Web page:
If you haven’t read Allie Brosh’s pieces on depression, go do that right now before you read any further, because it’s pretty much the best and most accurate description of depression ever written. My fish were super dead, and there was no bringing them back to life. This has been my desktop background since September:
School was no longer an option that was available to me. I watched as my dreams slipped through my fingers, first with heartbreak and then with numbness. I stopped experiencing even physiological sensations, like hunger or pain. There were occasional breaks in the void—blips of emotion, even happiness. Watching Drumline with my flatmate. Going to an S Club 7 (minus 5) show. Hearing a chillingly beautiful rendition of “Loch Lomond” performed at graduation. But those moments of feeling made the numbness seem worse when it inevitably returned, all too soon and with alarming speed, as if all the colors were quickly being drained from the room. Worse than that—it was like there was no more oxygen. I was living in a vacuum. On the one hand, nothing could touch me there. On the other, I couldn’t touch anything, either. I ceased to interact with my surroundings.
Everything that I used to love no longer mattered—music, art, cooking, writing. I stopped doing pretty much everything but existing. Then the numbness was so consuming that I didn’t even want to do that anymore. The worst day was somewhere in September, when I arrived at two horrifying realizations. First, that I desperately wanted to be dead. Second, that killing myself would be wayyyyyy too much effort, so much so that I would never do it. If I couldn’t even be bothered to fix myself a sandwich, suicide was definitely out of the question. This realization should have been comforting, but it only made me feel more powerless and detached from reality. The only option that seemed feasible without some exertion and planning was slitting my wrists, and I quickly decided against that because it would leave a truly grisly scene for my flatmate to come home to, and I didn’t think that was very fair to her. I think it’s for the best that I wasn’t on any medication at this point, because it would have provided a relatively easy solution to just swallow all of it at once.
Eventually, I did go on medication. When I stepped on a scale and realized I’d lost 14 pounds—a full stone—in a matter of three or four weeks, I made a large kale salad for breakfast, with poached eggs and peppers. I forced it down, and it came right back up. I also hadn’t slept in days, maybe weeks. I called the doctor that morning and got prescribed an anti-depressant with a side effect profile that included drowsiness and hunger. Check, check.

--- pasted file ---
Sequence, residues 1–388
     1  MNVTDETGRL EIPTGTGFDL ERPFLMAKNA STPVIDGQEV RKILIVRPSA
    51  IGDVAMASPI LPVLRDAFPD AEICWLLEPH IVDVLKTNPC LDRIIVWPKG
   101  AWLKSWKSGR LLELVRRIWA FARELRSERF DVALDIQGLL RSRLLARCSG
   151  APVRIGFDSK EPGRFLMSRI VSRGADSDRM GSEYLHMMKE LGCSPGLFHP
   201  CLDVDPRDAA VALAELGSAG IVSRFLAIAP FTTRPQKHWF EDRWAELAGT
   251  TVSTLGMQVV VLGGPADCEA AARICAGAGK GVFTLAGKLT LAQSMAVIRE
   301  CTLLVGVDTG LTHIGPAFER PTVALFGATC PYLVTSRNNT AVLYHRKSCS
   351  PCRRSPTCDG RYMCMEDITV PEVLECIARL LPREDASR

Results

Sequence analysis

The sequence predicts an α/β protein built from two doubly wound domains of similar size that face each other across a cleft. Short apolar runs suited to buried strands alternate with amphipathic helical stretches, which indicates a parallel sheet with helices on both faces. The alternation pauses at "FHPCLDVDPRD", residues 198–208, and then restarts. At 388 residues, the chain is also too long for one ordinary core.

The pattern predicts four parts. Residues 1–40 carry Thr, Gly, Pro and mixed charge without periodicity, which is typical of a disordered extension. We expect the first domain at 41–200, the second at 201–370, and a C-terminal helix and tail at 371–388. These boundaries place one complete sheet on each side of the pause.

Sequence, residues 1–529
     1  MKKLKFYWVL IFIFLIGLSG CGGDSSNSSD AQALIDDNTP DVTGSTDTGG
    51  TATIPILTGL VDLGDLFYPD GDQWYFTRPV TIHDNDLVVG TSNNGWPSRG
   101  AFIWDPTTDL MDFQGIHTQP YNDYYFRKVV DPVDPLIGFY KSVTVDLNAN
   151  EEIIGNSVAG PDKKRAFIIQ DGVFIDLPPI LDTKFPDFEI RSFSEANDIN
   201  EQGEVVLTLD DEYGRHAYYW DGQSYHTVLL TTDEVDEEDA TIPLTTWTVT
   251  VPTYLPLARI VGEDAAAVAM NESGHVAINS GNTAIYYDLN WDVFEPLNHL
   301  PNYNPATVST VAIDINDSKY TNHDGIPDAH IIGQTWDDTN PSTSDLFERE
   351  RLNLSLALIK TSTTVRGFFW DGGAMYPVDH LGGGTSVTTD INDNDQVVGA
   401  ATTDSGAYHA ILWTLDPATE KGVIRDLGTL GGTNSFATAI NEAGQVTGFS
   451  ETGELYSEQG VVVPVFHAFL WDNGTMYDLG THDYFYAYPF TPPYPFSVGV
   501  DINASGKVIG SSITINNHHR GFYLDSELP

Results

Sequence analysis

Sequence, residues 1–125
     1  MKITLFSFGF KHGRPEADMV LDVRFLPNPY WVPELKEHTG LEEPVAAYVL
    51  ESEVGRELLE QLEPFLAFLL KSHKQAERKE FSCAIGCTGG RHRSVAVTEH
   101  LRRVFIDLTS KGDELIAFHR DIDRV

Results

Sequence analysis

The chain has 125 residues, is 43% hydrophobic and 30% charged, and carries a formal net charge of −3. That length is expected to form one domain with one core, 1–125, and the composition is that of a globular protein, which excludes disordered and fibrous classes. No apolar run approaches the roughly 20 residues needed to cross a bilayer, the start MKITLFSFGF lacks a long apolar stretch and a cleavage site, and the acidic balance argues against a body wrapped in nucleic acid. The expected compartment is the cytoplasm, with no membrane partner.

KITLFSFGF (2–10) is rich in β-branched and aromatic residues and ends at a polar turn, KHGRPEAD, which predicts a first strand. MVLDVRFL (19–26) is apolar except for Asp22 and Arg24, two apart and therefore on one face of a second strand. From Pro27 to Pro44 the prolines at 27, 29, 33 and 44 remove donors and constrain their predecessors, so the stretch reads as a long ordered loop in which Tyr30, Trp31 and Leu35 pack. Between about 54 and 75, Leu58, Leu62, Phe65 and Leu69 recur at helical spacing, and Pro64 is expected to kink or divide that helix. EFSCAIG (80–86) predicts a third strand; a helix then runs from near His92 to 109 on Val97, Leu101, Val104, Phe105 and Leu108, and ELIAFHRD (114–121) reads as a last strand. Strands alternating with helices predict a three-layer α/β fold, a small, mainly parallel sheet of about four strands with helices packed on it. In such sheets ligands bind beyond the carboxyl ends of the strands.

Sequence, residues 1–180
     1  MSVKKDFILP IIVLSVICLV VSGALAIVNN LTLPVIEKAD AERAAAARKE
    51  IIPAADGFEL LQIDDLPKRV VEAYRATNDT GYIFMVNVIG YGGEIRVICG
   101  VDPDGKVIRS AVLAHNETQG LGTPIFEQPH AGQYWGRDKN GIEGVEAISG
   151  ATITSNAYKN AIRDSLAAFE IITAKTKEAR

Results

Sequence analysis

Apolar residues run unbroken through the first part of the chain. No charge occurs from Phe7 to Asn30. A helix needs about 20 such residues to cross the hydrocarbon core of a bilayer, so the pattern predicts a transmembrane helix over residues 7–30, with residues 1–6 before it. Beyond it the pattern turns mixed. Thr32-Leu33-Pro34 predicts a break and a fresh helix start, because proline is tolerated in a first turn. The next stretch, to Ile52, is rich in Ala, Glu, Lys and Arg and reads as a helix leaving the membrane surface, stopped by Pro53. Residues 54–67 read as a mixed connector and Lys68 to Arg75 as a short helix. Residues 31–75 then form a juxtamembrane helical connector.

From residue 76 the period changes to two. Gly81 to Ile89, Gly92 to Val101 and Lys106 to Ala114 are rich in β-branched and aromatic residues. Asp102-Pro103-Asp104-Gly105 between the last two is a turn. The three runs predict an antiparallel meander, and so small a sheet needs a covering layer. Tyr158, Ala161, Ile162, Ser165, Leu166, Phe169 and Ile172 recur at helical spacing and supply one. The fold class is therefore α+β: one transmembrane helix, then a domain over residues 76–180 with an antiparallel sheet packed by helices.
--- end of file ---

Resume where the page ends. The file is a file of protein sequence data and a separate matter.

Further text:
Anti-depressants suck. They suck slightly less than being horribly depressed, but only slightly. Although objectively, the numbness was much, much worse, it didn’t feel like it when my emotions started to return, fragmented and defective. I missed the safety of the void. Once I started to experience an emotion, it felt dangerous. extreme. uncontrollable. unstoppable. Even happiness was bad because it was so unsettling and unwieldy, and I know longer knew how to cope. If I cried, I was pretty sure I was never going to stop crying. I went from being afraid of nothing to being afraid of everything.
On December 12, I spent a perfectly pleasant afternoon with a guy I was vaguely seeing at the time. Somehow, he knew almost nothing, but the cracks were beginning to show. “Are you ok?” he asked. “You’re not you’re usual buoyant self.” Hah. Buoyant. I made some sort of comment about the weather and then walked home alone, in the rain. When I got there, I realized it was the sixth anniversary of my most traumatic assault, the one that really fucked me up and made all the other times infinitely worse. The one that, if any single event could be held responsible for the state of my life last December, was definitely it. I collapsed into a jumbled pile of flesh and bone on the carpet and wept until I no longer knew why I was crying.